The only access to Cumberland is by private boat or public ferry. We caught the first of two ferry trips going out in the morning, and would need to make it back to the dock in time for the single ride back in the evening (we were camped at a nearby mainland state park). It was a dreary, drippy morning, so we wore our rain ponchos and also carried food and water because most of the 15 mile long island is undeveloped. The boat ride out had few passengers: besides us, there was a crew of two and a couple with three kids. When we arrived at the dock, it was crowded with soggy campers anxious to end their not-so-pleasant outing as early as possible (it had been raining for quite some time).
As soon as we disembarked, the rain began to abate and we headed out on a trail leading from the leeside to the open beach on the outer shore. The tall oaks covered with Spanish moss looked like an elegant wonderland, as their gray and black forms complemented the green palmettos of the understory.
At times, Cumberland receives hundreds of visitors, so trails are well marked and dunes have roads or boardwalks to prevent erosion to the surrounding fragile landscape. We planned a small loop tour of the island, which would take us through a variety of habitats, as well as pass a couple of sites that provided fresh drinking water, while not being overly ambitious about the distance we knew we would want to walk.
Arriving at the open and deserted beach at low tide, we found a huge area littered with all sorts of interesting detritus - a beachcomber's paradise. Recent storms had piled driftwood, dead fish, shells, and other things from the water's edge to the base of the dunes. The gradually clearing sky made for stunning cloudscapes as we explored about 1.5 miles of flat sandy shoreline. We found sea cucumbers, crabs, skate egg cases, barnacles, and even a small nudibranch (sea slug). Shorebirds scurried about as they fed, and piles of coquina clams in rainbow colors washed up and buried themselves with every wave.
We then headed inland again, following a road and boardwalk through the dunes, which would eventually take us to the marsh side of the island. An eerie landscape of dead trees buried by dunes was the highlight of this area. There were also stands of palms and various other kinds of vegetation that can withstand the wind, salt, and shifting sand.
A convenient boardwalk allowed us excellent views of the open salt marshes. There were even some thoughtfully placed plastic chairs so we could relax and watch the birds and the reflections of the clouds in the water. The boardwalk continued back to the more heavily vegetated side of the island, where we then took a trail through mixed open fields and thick woods. We saw the first of several herds of the wild horses that live on the island. Although they are completely untamed, they are used to people and so pretty much just ignored us. We also took a short side trail to an old cemetery. This was the only place where the mosquitoes became very annoying, so we didn't stay too long there.
The Carnegie family at one time had a big mansion on the island. There are still some buildings that are currently inhabited and maintained, but others have fallen into ruins. The mansion is the biggest and most impressive, crumbling away slowly in the middle of a huge lawn, complete with old retention walls, garden remains, decorative arches, and fountains. The horses wander about everywhere, and probably are responsible for cutting the grass. In this area we also saw a large flock of wild turkeys and an armadillo. It was easy to spend a long time walking all around the ruins, looking for the best photo angles and trying to avoid getting too close to the horses. As with much of our day, there were no other visitors around and it was like being on a deserted island all alone.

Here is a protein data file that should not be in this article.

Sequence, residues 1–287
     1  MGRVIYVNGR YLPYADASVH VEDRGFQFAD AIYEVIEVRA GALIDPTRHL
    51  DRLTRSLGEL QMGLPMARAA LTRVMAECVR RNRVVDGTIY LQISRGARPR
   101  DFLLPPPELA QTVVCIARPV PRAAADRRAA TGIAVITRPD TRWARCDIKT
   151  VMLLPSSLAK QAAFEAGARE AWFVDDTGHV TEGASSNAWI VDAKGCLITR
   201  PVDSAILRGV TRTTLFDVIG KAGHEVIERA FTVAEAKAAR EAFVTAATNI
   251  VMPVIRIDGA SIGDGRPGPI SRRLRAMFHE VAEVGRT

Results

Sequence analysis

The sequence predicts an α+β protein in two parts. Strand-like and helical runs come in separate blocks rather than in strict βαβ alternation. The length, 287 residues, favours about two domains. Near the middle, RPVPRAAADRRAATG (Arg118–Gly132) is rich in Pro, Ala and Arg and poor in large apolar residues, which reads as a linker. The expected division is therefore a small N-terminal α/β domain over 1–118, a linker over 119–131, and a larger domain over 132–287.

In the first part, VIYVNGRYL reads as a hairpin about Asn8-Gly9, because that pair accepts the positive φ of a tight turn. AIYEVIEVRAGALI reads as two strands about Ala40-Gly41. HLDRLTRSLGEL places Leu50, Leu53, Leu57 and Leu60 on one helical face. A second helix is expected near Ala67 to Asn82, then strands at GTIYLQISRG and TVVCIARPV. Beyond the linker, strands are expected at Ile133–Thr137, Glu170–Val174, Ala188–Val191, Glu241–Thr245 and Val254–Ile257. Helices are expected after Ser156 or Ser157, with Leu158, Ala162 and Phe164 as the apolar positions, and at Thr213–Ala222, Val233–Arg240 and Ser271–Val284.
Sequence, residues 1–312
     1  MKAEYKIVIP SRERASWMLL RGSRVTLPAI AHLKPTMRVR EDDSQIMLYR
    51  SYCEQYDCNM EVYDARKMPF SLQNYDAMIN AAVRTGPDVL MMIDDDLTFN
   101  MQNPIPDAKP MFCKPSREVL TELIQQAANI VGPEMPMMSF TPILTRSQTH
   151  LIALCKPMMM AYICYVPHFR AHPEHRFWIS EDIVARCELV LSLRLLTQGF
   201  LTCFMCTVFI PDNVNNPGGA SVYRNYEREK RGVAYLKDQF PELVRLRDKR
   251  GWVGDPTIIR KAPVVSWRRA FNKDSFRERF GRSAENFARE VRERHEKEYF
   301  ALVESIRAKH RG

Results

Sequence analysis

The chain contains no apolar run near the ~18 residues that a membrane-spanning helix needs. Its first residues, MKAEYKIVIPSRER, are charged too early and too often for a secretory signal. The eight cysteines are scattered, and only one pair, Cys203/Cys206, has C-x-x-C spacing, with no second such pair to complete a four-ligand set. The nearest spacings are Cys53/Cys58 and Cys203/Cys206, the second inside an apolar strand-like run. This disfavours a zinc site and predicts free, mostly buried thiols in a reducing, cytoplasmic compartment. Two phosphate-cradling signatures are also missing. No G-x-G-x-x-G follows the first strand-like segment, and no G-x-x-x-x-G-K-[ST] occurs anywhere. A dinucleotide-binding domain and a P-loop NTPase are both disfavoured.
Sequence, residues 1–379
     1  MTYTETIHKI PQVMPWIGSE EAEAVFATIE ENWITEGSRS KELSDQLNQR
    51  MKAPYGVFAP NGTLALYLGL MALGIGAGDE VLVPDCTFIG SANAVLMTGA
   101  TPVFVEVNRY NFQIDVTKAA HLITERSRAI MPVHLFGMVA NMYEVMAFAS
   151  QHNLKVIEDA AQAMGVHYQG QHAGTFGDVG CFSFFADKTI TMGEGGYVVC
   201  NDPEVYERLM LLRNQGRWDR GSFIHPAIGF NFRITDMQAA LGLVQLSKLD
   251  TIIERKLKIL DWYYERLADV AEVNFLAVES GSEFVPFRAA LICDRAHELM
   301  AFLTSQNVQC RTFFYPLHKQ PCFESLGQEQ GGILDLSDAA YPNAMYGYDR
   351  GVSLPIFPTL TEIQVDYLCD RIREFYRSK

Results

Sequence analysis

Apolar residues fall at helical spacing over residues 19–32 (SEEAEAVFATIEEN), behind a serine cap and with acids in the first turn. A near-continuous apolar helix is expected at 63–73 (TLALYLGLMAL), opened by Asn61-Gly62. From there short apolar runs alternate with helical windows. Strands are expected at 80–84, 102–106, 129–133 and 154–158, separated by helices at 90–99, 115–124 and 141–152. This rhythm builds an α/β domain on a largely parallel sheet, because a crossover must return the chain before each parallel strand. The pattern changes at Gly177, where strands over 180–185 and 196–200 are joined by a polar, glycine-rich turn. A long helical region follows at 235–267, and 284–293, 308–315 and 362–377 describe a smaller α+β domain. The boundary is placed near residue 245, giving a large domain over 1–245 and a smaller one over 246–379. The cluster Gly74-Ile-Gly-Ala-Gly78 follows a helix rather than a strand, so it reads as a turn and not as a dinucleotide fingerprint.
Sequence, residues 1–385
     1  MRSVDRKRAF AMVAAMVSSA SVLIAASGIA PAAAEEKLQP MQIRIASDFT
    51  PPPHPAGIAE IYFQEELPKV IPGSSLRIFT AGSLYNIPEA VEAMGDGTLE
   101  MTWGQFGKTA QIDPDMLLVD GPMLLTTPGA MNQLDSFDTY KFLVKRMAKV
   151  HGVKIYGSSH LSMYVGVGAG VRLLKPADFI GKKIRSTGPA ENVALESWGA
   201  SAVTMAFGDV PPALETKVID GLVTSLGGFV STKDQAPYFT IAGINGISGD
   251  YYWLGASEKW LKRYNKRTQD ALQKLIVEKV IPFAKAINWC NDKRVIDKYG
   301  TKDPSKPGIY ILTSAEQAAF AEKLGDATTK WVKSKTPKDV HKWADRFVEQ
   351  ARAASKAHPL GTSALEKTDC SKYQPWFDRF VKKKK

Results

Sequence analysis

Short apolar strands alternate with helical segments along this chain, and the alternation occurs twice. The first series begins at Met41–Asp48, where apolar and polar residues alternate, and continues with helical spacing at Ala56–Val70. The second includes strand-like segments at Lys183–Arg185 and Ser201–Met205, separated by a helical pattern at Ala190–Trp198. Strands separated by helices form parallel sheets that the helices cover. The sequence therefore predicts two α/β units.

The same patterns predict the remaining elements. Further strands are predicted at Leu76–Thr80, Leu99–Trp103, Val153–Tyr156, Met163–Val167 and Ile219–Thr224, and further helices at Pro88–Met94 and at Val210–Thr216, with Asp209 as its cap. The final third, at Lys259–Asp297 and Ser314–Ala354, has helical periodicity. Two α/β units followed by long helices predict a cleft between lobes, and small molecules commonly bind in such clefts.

The last leg of our little trek took us down an oak-covered sand road that returned to the National Seashore visitor center and the dock where we would meet the ferry boat. We had a half hour to spare, and so plopped down on a picnic table to rest and watch the horses trimming the grass around the small dock where a couple people were fishing.
Just as we settled down, a ranger came out of the visitor center and called us over, saying that a movie was starting and we were welcome to watch. Inside, which was delightfully air-conditioned, a small group of campers and a couple of rangers were watching a homemade video of a recent lightning display over Cumberland being played on a large widescreen television screen. Music had been added, and it was really quite engaging. After that short film, we watched one about the rescue of a large loggerhead turtle that had come to lay eggs but then got stuck in a tidepool instead of making it back to the ocean before the sun came up and confused her. A turtle researcher managed to guide the 300 pound reptile back to the waves while a ranger took videos of the whole process. One final film was a montage of some of the wildlife on the island, set to music from Stravinsky's "The Firebird." This entertainment took us all the way up to the time when the boat would depart.
Our return trip was even less crowded than the initial ride: there were only four passengers including us. We spent most of the 45-minute boat ride on the upper level, enjoying the views of the islands, salt marshes and evening sky. We'd probably walked only about 6-7 miles that day, but had spent seven hours completely captivated by this remote national seashore.